By adding optional dashboard and reporting modules, laboratories can also monitor and manage current workflow activities, access historical information to benchmark against past performance, and discover insights to take measurable actions to improve operational performance.
2. Boosts responsiveness with a flexible rule-writing engine.
While many LIS’s offer advanced rule-writing for autoverification, few laboratories have a dedicated resource to do this programming. Instead, many labs must rely on the corporate IT team or another department to build new rules, make changes, or add comments in the LIS, which means turnaround time can be slow and responsiveness to physician requests can suffer. Furthermore, IT analysts may not have the relevant experience to understand the nuances of clinical testing rules. The bottom line: Writing and validating rules through the LIS is often a complicated, cumbersome, and time-consuming process.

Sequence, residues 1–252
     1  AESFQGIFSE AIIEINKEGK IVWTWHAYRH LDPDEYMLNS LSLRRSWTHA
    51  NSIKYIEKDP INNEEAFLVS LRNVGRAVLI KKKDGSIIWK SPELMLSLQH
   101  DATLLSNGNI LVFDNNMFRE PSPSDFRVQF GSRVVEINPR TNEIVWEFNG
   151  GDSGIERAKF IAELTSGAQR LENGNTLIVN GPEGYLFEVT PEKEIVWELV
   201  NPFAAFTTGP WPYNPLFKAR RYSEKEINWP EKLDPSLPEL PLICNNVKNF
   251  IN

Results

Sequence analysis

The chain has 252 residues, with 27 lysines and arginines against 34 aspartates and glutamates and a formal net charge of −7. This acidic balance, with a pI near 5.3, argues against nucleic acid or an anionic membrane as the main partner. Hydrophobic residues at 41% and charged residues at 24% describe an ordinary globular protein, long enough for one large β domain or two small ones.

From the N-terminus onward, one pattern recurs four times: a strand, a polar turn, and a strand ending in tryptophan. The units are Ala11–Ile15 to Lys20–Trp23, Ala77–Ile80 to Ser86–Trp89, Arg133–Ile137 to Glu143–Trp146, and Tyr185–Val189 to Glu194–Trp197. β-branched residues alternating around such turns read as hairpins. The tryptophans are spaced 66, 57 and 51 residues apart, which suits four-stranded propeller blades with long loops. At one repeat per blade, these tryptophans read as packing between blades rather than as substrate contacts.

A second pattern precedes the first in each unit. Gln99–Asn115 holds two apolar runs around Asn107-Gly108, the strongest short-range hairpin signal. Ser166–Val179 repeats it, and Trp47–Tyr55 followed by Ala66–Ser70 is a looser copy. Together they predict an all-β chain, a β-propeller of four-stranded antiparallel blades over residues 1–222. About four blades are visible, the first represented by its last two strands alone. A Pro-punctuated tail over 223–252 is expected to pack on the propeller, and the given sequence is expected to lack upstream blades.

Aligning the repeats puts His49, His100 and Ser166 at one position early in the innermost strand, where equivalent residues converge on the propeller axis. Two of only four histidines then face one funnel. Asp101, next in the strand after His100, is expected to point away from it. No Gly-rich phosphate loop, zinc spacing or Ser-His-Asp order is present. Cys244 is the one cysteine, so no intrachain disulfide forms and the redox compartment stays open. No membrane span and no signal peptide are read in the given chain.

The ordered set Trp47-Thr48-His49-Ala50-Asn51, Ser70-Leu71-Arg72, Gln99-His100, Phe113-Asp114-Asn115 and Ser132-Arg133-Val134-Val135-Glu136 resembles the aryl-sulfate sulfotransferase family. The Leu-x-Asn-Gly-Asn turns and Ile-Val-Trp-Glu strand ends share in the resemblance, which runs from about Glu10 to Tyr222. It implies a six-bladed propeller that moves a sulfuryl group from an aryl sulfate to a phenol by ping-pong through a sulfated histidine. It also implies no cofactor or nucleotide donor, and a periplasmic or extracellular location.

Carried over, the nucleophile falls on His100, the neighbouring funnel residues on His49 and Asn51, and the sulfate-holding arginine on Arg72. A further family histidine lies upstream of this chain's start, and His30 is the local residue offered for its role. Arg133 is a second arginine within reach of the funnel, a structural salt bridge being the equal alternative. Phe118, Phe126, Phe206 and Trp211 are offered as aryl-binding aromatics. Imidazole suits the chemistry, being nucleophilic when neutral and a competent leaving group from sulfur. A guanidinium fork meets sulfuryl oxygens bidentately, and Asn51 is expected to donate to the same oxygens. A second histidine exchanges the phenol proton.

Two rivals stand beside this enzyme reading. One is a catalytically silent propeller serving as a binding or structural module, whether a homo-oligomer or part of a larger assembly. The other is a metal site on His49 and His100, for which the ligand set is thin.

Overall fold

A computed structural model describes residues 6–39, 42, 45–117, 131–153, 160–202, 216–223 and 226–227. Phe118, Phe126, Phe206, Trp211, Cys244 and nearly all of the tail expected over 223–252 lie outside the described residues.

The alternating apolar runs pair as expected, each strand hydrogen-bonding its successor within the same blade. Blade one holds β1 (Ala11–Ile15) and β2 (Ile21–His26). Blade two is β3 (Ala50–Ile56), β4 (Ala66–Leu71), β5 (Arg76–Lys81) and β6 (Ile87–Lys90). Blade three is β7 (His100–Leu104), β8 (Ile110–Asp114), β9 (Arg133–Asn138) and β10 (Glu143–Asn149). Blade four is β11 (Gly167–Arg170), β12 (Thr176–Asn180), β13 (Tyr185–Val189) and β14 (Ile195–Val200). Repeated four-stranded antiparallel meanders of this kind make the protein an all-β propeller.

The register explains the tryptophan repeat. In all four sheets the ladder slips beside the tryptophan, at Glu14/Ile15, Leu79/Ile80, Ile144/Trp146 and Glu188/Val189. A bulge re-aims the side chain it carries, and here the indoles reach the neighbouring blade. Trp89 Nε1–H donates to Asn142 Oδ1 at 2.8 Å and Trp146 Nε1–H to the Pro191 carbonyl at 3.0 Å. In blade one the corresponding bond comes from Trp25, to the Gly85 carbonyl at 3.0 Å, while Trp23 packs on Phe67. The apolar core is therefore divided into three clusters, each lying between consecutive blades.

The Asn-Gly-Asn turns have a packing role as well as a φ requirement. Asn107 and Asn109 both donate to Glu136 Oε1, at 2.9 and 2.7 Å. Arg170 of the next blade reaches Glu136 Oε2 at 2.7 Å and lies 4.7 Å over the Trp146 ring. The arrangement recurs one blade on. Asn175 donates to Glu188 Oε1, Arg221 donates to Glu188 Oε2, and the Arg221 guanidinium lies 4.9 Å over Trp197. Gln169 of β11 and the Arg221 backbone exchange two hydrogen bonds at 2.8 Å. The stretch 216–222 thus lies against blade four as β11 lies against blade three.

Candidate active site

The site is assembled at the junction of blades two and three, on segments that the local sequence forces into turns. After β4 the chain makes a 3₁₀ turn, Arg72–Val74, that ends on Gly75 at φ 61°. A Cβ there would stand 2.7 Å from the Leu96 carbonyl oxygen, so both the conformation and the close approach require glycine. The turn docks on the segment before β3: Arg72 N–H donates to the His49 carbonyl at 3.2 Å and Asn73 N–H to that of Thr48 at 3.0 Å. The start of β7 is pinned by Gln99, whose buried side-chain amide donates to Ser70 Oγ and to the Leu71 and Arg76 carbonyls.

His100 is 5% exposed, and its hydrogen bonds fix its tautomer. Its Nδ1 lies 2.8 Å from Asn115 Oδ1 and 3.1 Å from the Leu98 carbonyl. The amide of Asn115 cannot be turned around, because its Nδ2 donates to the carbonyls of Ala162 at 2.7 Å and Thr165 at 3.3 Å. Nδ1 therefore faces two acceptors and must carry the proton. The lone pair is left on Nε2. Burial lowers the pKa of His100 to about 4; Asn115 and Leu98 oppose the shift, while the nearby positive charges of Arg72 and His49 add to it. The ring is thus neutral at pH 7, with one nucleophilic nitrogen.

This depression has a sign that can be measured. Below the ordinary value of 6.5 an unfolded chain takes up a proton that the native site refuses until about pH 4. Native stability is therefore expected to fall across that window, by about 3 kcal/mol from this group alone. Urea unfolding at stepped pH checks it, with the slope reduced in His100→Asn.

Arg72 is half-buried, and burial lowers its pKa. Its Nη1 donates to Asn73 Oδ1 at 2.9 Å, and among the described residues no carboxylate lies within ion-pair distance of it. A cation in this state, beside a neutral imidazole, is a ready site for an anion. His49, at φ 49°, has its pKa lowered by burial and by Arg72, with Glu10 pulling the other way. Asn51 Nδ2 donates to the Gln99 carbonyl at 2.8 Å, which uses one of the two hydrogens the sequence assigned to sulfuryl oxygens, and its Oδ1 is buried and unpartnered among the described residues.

With middleware, laboratories can take control of creating their own rules directly from their own consoles, based on the urgency of the need. Laboratory personnel with appropriate security access can quickly prioritize, apply, and test new rules to accommodate dynamic workflows as their schedule demands. These changes can include rules and/or comments that apply to specific physicians and laboratory locations, rules for the review of automated CBC and differential results, and rules to enhance workflow between instruments. Having this level of rule-writing control empowers laboratory staff and drives efficiency and quality.
3. Drives consistency through network standardization.
With multiple sites, middleware can standardize rules and information across all networked locations—regardless of whether they are using the same LIS. This ability gives laboratories a